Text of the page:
Pastor John Barnette

February 2021

Salutations, my brothers, and sisters in Christ! I hope that you are excited about what is to come for Pilgrim Church in the coming year. I know I am! I feel confident that God is still very much at work in our world and has great plans in store for us. Therefore, I’m looking forward to the future with hope and  excitement!

I am thrilled to hear that many in our congregation have already received or have appointments to receive the COVID-19 vaccine. As more of us become vaccinated, we will be able to gradually move back to stable, in-person worship, times of fellowship, and community-wide outreach projects. We will no longer speak of Wednesday night dinners and fall fests as things held in the past, but as activities we will soon enjoy again! Each day, I feel more confident that this pandemic will soon end and we will once again be able to come together as a church community and welcome each other with a hug or a handshake.

I am grateful for you and your commitment to Pilgrim Church. Because of your willingness to support  this church, even when church life was at a standstill, Pilgrim Church survived both pandemic and an 18-month period without a settled pastor – not an easy feat! I want to take this moment to affirm and celebrate your faithfulness to God and to this church community.  

As we move forward into a new chapter, I ask that you prayerfully consider how you can be involved in the part of the body of Christ that is Pilgrim Church. I strongly believe that our post-pandemic world will be different, presenting us with new challenges and new opportunities to share the love of Christ  with our neighbors. Each member’s participation, collaboration and innovation will be key to our success. Therefore, your ideas, questions, time, and labor will be essential and greatly appreciated as we re-energize our ministries.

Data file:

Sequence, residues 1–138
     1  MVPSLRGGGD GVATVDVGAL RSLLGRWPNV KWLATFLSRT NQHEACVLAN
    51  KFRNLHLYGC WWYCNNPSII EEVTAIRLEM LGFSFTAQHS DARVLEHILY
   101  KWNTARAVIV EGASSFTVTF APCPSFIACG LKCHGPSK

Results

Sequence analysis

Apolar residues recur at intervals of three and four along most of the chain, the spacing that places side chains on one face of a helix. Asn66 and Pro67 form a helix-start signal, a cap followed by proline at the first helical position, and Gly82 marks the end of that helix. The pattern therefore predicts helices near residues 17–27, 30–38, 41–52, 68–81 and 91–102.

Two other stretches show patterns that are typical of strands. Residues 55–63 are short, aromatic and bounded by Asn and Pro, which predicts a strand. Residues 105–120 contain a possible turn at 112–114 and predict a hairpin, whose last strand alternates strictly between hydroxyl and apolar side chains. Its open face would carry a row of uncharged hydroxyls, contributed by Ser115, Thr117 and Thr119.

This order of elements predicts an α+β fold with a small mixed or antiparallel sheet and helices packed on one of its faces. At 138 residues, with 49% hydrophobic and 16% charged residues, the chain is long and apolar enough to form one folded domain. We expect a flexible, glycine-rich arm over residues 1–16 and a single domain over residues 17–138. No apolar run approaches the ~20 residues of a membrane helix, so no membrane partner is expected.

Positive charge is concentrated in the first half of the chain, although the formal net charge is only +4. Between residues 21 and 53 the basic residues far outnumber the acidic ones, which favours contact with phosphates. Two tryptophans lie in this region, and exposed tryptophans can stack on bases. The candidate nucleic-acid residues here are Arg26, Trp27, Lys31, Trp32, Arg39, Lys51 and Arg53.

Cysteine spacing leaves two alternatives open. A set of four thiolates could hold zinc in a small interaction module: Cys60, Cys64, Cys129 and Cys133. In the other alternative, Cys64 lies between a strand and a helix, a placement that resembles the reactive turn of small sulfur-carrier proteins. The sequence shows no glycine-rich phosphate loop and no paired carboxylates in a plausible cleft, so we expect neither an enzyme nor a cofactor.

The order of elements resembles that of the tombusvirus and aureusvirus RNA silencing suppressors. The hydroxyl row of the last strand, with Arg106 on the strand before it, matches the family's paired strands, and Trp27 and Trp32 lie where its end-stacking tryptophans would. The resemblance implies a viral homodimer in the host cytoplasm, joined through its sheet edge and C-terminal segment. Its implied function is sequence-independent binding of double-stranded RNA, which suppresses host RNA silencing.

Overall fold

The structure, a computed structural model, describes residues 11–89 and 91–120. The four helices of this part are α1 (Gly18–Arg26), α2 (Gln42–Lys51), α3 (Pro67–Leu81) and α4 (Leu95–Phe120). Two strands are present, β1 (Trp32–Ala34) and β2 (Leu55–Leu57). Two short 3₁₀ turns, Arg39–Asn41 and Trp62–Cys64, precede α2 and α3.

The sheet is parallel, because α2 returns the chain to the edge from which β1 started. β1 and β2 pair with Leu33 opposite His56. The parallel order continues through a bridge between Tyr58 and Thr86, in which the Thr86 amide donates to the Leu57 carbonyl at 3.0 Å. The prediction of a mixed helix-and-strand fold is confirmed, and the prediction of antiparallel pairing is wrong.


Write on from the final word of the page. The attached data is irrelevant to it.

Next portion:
Also, the ministry of the church requires financial  support. In Luke 8:1-3, we find that Jesus relied on the financial support of His followers. His church is no  different. Our services and ministries are funded by you, as church members. Your support strengthens the body and extends Christ’s reach into our community. Moreover, tithing is a spiritual discipline that benefits the individual, as well. Tithing is a  physical action that brings to life our trust in and  commitment to God. I am appreciative of those who have pledged financial support to the church by turning in a pledge card, as well as those who have made private commitments to support the church financially. As we begin to revitalize our ministries, please prayerfully consider how you may be able to go above and beyond, when you are able, to support both old and new ministry initiatives.

As I said earlier, I am looking to the future with hope and excitement. God has led us this far, and He will continue to lead us into a bright, new future. By His grace, there will be new life at Pilgrim as we begin to come together as a community once more to  fellowship together, support one another, and serve Christ by serving our community. 

Each of you has been grafted into this part of the body of Christ by the Holy Spirit to strengthen it. Therefore, you are vital to the health of Pilgrim Church. So, come and be a part of your community of faith. You are wanted and needed. We celebrate you and what you bring to the table!

By His Holy Spirit, may God continue to inspire us and guide us as we move forward, together.

Sing praises to the Lord, O you His faithful ones, and give thanks to His holy name. For His anger is but for a moment; His favor is for a lifetime. Weeping may linger for the night, but joy comes with the morning. Psalm 40:4-5

Pastor John

Pastor Ken Ewing

Lent

We are fast approaching the Season of Lent. Lent is the 40 days between Ash Wednesday and Easter. It is a time of reflection and preparation in the anticipation of celebrating Easter. It also a time of remembering Jesus in the wilderness: a time of withdrawal and sacrifice in preparing to do God’s will.